One way to lower drug prices

Bottles of prescription pills go through an automated packaging machine at a pharmacy plant in New Jersey.

Story highlights

  • Priti Radhakrishnan: Prescription drug prices are soaring; for example, a $1,000-per-pill hepatitis C drug
  • She argues that opposing drug company patent applications is one route to lower prices

Priti Radhakrishnan is co-founder and director of the Initiative for Medicines, Access & Knowledge (I-MAK), which is a U.S.-based nonprofit group of scientists and lawyers working globally to get people lifesaving medicine. Prior to founding I-MAK, Radhakrishnan worked as a health attorney in the U.S., Switzerland and India. The opinions expressed in this commentary are hers.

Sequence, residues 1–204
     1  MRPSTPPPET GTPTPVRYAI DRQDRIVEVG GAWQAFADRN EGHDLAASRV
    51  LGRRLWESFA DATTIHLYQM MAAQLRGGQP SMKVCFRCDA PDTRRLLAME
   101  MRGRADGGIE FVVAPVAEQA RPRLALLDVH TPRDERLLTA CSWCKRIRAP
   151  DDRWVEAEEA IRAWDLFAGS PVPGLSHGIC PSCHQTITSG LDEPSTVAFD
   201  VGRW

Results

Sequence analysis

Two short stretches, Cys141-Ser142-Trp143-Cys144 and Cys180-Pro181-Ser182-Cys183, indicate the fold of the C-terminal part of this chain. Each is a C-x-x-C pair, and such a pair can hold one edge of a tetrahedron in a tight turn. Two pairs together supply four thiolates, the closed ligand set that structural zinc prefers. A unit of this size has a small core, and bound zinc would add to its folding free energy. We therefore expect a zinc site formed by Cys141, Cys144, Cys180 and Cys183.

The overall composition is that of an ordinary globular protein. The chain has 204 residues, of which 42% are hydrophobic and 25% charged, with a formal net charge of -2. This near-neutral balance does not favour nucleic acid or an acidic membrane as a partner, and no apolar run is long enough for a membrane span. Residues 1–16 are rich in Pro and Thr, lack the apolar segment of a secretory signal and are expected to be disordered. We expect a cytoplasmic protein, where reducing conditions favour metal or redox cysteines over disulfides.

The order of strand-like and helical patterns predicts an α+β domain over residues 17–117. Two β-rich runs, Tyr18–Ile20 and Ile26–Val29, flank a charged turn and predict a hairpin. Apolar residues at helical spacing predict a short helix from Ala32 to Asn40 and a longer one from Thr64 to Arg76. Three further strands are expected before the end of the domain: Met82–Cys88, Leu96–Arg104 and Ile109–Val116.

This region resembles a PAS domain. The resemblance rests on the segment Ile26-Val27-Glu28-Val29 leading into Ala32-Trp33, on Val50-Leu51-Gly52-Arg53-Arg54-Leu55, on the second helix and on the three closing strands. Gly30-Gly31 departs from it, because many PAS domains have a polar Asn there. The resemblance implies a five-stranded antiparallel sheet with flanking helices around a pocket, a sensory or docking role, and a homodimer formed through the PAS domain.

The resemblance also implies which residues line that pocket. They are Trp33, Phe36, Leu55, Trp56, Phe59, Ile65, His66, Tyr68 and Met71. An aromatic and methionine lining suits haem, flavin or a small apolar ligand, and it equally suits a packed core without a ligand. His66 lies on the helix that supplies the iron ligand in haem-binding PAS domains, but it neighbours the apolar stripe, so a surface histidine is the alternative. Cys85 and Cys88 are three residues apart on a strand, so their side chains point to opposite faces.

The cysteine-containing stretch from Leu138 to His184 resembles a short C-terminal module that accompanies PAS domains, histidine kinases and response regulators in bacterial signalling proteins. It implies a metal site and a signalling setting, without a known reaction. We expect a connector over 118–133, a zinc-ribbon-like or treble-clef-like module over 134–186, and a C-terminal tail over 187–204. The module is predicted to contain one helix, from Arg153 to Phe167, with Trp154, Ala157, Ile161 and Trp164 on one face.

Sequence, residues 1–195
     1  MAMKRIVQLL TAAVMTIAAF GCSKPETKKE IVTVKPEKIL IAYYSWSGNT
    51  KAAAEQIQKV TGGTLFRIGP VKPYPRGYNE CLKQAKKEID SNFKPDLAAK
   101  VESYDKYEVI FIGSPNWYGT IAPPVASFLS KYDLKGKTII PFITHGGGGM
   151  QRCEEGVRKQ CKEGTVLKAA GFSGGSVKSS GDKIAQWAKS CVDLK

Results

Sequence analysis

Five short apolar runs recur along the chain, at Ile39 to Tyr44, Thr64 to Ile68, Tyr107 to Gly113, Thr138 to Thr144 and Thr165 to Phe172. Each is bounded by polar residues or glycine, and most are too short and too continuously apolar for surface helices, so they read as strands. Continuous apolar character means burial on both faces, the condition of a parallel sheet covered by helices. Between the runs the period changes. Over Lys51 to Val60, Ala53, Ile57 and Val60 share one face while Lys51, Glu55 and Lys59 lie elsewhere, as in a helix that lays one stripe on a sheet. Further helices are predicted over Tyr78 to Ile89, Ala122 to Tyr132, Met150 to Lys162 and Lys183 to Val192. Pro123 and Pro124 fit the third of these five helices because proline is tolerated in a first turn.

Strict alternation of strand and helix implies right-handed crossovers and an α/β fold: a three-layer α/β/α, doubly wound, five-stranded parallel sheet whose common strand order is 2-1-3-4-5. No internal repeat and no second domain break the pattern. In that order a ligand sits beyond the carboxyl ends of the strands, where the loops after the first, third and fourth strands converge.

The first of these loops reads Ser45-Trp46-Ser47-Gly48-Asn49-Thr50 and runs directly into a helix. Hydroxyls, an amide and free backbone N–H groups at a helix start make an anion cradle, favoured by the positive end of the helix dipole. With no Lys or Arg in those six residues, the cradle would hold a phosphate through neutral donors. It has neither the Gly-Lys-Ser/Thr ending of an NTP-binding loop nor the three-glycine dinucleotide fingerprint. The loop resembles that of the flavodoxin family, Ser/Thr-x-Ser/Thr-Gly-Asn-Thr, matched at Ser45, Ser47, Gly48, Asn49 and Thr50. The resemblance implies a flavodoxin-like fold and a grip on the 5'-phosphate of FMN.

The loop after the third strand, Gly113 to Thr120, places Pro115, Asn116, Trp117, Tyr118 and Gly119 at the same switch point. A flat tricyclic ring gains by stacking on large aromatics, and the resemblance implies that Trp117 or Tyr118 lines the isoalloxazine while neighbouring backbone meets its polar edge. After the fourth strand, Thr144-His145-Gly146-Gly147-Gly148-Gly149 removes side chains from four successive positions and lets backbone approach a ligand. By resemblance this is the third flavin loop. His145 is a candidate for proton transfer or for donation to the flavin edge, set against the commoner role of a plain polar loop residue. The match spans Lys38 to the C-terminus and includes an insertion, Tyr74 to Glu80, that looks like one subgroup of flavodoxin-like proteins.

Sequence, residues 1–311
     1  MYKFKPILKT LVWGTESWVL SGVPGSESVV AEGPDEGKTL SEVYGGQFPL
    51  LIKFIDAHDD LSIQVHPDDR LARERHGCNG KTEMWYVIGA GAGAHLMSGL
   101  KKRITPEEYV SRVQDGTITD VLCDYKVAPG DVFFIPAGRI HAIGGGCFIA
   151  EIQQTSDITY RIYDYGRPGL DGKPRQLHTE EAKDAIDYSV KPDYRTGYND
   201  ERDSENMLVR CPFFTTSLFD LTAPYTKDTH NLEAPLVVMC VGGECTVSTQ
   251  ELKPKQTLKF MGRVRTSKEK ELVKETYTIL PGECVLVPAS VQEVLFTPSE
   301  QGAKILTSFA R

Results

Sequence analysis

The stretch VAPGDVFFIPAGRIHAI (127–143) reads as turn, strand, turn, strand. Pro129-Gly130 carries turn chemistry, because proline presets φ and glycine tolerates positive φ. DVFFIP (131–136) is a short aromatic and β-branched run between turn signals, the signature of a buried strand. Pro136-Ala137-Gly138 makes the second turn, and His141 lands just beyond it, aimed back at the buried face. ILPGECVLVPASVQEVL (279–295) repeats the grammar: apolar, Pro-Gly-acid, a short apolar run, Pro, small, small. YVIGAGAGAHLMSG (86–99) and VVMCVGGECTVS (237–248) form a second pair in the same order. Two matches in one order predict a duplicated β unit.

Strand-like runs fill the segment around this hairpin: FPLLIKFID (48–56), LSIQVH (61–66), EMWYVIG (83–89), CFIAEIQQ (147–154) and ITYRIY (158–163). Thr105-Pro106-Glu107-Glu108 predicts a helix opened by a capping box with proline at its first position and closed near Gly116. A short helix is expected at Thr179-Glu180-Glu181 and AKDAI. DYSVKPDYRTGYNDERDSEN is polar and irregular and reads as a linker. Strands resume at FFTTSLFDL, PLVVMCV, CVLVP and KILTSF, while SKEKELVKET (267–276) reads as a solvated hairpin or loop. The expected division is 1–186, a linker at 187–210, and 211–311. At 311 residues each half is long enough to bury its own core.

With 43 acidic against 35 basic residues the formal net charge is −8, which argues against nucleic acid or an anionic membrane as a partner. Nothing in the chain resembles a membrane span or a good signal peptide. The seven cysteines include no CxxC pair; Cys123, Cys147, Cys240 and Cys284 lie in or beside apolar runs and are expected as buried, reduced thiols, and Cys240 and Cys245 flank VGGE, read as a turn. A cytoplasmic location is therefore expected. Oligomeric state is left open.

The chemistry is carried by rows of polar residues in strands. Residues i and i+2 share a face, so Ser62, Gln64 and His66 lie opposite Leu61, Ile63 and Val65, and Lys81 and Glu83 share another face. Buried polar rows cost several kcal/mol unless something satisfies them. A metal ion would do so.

(CNN)Prescription drug prices are soaring, as exemplified by pharmaceutical giant Gilead's $1,000-per-pill hepatitis C drug, Sovaldi. High prices for drugs that treat deadly diseases are creating barriers for patients, burdening governments and leading to rationing and denial of lifesaving treatments around the world.

One possible route to ensuring people get the care they need is passing new laws. Indeed, in response to the growing backlash against skyrocketing drug prices, U.S. states have introduced bills that would require price transparency from pharmaceutical companies. But while these efforts are welcome, their success is not assured, and they address only part of the problem.